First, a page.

Changing Colors

America's shifting demographic landscape requires seeing beyond black & white.

A friend who is a professor tells the story of a student protest over services at the University of California at Santa Cruz. At one point, leaders directed the students to cluster in smaller groups -- African-American, Native American, Asian-American, Hispanic, and white. As they headed for their designated areas, however, an audacious young woman, the daughter of an East Indian and an American Indian, refused to go along. To the assembled, she boomed, "The mixed-blood group meets here." For a moment, everyone paused, considered her, and then kept walking.

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That pause can only grow as our demographic and political landscape transforms. As Tiger Woods has come to symbolize, America is changing colors. More and more of us are of mixed ancestry. And biological definitions of race are, scientists tell us, specious. So it is ironic when progressives staunchly defend racial categorization (including the "one-drop rule" definition of blackness championed by Southern slaveholders), as well as race-based affirmative action (co-opted by Richard Nixon to divide labor from civil rights groups). In "The End of the Rainbow," Michael Lind argues that such a strategy is politically disastrous. He advocates a class-based alliance capable of challenging a new multicultural right.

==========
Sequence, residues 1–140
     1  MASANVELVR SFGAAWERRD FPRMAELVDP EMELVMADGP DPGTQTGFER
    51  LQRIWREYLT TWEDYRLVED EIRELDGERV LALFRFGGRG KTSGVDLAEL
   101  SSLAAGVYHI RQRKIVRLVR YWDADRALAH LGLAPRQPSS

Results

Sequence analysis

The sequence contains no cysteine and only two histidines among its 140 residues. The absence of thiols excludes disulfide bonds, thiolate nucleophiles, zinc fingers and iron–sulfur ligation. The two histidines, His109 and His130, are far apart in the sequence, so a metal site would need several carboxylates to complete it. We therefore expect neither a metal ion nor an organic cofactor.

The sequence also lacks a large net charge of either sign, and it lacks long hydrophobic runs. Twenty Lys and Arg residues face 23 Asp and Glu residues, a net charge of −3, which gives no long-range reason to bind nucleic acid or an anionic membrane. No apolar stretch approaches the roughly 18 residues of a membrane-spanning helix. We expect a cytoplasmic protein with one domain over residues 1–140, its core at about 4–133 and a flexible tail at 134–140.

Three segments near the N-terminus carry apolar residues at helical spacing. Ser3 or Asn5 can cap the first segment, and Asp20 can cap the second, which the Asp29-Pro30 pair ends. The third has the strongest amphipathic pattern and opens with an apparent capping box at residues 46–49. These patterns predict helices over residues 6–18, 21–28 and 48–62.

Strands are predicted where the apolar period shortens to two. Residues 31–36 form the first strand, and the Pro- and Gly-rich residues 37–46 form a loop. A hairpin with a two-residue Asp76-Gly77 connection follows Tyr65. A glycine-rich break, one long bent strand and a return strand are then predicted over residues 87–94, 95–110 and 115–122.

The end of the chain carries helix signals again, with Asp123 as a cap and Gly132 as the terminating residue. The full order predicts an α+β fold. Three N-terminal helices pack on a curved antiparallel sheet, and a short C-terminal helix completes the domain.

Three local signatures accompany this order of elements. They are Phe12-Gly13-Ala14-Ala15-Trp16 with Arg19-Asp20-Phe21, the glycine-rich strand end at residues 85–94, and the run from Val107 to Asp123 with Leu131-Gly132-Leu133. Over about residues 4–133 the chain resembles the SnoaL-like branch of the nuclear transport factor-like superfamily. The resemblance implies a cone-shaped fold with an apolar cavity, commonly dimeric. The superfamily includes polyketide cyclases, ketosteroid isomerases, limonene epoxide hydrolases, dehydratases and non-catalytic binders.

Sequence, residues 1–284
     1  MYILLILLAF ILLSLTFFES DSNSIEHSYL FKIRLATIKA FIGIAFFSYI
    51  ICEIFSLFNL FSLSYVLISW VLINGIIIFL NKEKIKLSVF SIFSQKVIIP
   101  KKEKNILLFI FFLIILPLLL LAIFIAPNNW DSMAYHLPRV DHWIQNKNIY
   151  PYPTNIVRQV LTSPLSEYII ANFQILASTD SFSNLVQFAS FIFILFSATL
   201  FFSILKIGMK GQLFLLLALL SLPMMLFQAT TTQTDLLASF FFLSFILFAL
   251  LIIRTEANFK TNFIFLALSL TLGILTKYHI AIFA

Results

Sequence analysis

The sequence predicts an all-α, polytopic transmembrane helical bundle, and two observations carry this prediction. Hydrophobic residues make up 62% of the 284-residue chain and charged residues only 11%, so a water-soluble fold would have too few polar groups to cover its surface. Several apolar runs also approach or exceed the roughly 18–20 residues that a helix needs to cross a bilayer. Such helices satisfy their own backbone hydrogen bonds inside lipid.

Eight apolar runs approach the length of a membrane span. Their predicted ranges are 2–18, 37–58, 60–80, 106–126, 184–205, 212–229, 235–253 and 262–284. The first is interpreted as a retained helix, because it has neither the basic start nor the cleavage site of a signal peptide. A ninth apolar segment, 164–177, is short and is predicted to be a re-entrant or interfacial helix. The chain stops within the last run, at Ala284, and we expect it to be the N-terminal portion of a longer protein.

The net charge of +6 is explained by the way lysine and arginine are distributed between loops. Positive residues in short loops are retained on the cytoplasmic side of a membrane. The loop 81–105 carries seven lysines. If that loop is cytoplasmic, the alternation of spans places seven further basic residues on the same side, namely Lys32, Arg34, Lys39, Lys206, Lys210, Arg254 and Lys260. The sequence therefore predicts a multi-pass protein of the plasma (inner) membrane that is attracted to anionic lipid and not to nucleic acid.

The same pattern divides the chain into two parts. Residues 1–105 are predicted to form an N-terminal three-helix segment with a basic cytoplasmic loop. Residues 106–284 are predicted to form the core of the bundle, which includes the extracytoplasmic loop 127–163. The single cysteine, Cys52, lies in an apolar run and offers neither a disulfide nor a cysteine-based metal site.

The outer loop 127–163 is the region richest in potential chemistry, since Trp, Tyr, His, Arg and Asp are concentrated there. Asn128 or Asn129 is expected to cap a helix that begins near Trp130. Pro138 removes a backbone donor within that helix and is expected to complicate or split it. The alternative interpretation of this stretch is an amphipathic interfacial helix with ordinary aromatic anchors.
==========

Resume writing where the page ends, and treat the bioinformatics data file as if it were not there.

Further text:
Nonetheless, the dismantling of affirmative action threatens the delicate balance we have achieved in our schools. Classroom diversity is not only better for the country, but also educationally valuable. Students and teachers at Boston Latin School, which has spent two decades reconciling academic excellence and diversity, tell Bebe Nixon, in "Race to the Top," both what troubles them about the weakening of their affirmative action program and what is enduring about their school.

Art Spiegelman also addresses troubling questions, in "Getting in Touch With My Inner Racist," when his 4-year-old son makes a disturbing announcement. Are our children condemned to repeat our mistakes?

In "A Brave New You," Walter Truett Anderson suggests perhaps not.

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